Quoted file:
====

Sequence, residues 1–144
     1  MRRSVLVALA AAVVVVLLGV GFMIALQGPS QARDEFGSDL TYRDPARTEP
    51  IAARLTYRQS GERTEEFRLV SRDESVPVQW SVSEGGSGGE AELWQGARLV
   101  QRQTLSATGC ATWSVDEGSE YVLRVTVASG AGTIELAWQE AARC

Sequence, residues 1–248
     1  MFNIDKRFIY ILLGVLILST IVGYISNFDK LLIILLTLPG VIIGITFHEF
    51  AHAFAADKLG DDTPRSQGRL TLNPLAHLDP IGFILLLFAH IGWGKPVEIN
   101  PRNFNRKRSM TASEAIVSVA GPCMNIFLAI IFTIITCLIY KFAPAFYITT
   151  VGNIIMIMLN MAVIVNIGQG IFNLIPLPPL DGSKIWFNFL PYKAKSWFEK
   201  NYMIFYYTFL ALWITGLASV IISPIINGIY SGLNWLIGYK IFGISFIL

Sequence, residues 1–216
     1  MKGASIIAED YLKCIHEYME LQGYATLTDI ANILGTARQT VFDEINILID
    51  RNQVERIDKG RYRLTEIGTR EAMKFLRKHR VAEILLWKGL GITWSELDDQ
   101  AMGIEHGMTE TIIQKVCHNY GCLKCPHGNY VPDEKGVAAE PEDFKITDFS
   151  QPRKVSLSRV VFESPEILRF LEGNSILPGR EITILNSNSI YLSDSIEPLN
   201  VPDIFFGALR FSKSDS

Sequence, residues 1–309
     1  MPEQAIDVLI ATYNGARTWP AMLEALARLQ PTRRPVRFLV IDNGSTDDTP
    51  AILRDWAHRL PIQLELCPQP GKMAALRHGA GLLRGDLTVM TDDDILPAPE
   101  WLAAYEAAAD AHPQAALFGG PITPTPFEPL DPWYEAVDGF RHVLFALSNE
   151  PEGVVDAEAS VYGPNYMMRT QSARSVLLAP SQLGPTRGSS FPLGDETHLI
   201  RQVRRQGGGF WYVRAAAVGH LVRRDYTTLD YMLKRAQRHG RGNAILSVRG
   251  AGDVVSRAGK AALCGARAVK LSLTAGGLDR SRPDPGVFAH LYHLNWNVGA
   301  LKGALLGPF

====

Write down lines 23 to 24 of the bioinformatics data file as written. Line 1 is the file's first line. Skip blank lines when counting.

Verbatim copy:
   251  AGDVVSRAGK AALCGARAVK LSLTAGGLDR SRPDPGVFAH LYHLNWNVGA
   301  LKGALLGPF